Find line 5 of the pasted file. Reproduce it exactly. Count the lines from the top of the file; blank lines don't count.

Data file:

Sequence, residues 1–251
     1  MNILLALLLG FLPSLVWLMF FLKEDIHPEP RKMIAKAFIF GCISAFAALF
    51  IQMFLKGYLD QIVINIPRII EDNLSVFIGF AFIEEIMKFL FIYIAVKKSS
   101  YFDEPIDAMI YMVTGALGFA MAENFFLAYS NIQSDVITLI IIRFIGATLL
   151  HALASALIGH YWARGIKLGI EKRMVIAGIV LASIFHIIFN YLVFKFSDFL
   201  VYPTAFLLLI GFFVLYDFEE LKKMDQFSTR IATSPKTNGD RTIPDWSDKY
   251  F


   151  HALASALIGH YWARGIKLGI EKRMVIAGIV LASIFHIIFN YLVFKFSDFL